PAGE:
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Advice to improve your movement, fitness, and overall health from the world's #1 in orthopedics.

4 Fitness and Wellness Gifts for Workout Enthusiasts

If you’ve got exercise-loving family and friends, we’ve got a list of the perfect presents for them. Because what better gift can you give than one that supports their health?

Advice to improve your movement, fitness, and overall health from the world's #1 in orthopedics.

Massage Guns

Few things in life feel better than a deep-tissue massage, and now you can give a gift that provides that luxury 24/7. A percussion massager (commonly referred to as a massage gun) delivers pulsing, rapid bursts of pressure deep into the muscle fibers to loosen and relax the tissue, says Ioona Félix, PT, DPT, OCS, SCS, CTPS, site manager, HSS Sports Medicine Institute West Side. 

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These powerful hand-held machines can release tight and tense myofascia, the connective tissue that surrounds muscles and bones. “By stimulating sensory cells on the skin, the device interrupts the contraction of nearby muscles and, thus, relaxes them,” says Felix. Stimulating the cells can also override the sensation of pain—sort of like when you rub your toe after smacking it into a table leg. When a muscle becomes tight and sore, blood flow to the area slows. A massage device can increase that oxygen-rich blood flow, helping the muscle to heal.

Posture Correctors

Anyone who spend hours hunched over their computer will appreciate a posture corrector, which can help reverse the damages of daily drooping. 

These devices come in a variety of different forms. Some look like a harness, fitting over your shoulders or across your lower back. Others are shirts with special panels designed to help you to remember to activate certain muscle groups. Still others come with pads that stick on your back and use vibrations or other cues (like a phone alarm) to remind you to sit up straight. Some even combine these methods.
What all posture correctors have in common is that they’re designed to address muscle imbalances that appear when we spend long periods of time in unhealthy, fixed positions. “While the muscles in the front of the chest (pectorals) have a tendency to become tight, the muscles in the upper back, including the middle trapezius and rhomboids, are likely to become overstretched,” says HSS physical therapist Christina Rodriguez PT, DPT, OCS, cert. MDT. Correctors help activate the muscles that haven’t been worked enough and give them a guide for where they need to be by a process called proprioception, where the body gets sensory feedback in order to feel where it’s supposed to stay in space.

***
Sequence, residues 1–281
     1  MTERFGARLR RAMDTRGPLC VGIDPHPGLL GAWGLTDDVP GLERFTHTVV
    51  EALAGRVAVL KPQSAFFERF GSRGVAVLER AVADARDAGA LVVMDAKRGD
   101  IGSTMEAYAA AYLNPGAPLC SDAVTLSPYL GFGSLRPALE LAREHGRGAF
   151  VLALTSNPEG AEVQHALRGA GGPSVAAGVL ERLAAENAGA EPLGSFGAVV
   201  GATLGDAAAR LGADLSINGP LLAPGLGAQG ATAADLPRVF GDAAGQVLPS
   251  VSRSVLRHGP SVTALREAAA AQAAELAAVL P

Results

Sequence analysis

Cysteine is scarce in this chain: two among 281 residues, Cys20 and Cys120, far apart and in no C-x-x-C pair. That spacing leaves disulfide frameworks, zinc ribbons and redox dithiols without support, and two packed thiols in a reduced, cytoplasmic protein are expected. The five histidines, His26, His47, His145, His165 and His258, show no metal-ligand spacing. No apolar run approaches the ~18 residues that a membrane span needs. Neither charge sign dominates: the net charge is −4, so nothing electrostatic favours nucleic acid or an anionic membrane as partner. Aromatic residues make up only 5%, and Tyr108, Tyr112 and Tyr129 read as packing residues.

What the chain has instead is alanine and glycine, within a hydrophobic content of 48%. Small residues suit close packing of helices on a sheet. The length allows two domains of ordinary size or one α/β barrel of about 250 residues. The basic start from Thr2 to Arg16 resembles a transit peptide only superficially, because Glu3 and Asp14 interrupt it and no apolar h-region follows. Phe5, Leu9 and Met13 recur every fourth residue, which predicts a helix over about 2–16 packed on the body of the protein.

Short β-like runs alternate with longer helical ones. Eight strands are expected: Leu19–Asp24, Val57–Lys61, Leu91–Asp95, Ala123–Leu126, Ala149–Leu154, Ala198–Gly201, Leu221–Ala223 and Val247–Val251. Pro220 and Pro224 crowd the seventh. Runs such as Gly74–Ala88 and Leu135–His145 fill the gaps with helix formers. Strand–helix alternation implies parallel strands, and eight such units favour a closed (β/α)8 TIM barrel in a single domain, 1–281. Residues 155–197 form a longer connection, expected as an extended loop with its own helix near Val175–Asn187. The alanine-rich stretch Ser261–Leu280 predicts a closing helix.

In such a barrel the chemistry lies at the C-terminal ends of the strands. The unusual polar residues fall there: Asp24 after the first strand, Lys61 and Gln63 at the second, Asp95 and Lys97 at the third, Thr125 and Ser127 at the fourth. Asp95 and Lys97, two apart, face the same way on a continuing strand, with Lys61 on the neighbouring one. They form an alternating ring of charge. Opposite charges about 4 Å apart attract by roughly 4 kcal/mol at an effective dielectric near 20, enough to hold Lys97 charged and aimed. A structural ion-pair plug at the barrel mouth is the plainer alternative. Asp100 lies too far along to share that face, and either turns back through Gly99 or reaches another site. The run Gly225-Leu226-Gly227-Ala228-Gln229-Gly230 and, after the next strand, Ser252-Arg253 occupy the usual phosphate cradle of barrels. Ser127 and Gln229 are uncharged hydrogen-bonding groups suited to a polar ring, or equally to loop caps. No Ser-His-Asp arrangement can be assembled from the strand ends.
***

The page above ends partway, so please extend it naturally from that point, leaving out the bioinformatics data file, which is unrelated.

Correctors allow people to build on their proprioceptive senses, providing them with a keener awareness of what good posture feels like and what they need to do to achieve it. “If they start to slouch, the posture corrector will let them know they’re in the wrong position so they can pull their shoulders back or tuck in their lower back,” says Rodriguez. Ideally, eventually this correction will become second nature.

Fitness Rings

Seems like everybody is hopping on the smartwatch bandwagon, but not everyone wants that conspicuous, clunky item on their wrist. Nor does everyone want to be on call 24/7, with the beeping and buzzing of text and call notifications. They do, however, still want to track their health data. For those in your life who fit that bill, a fitness ring is a great gift option. 

Most rings are more subtle and lighter than a smartwatch, and don’t include notifications for texts, calls, and other apps. So work (or a chatty group) will never interrupt family dinner. But the rings’ built-in sensors do measure things like steps, calories burned, heart rate, blood oxygen levels, temperature changes during sleep, and each sleep stage’s duration and report them through their paired smartphone app. This allows the wearer to tune in to when the body needs some more sleep, know when it’s time to push it hard in a workout (and when it’s not), or even get a hint that a cold or flu might be coming on. 

Pilates Rings

While everyone would love to give their Pilates-loving friends their own personal home Reformer, that’s not possible for most mere-mortal budgets. A Pilates ring, on the other hand, is not just a perfect gift; it’s also perfectly affordable. 

If you’re not familiar with the Pilates method, it’s a full-body workout that stabilizes, strengthens and stretches the core as well as everything around it, using specific movement patterns and controlled breathing. Pilates also facilitates a healthy connection among the belly, back, pelvic floor and diaphragm. 

Unlike the fitness rings described above, a Pilates ring (also known as a magic circle, fitness circle or exercise ring) isn’t worn on the finger. It looks a little like a small hula hoop, but instead of rocking it around the hips, it’s used to add resistance to a regular Pilates routine. 

The ring can be used for an isometric hold while doing unilateral dead bugs, underneath the chest during push-ups or between the thighs for a bridge pose. This ramps up any Pilates workout, helping to build more muscle, making the heart work even harder and engaging the core muscles even deeper.

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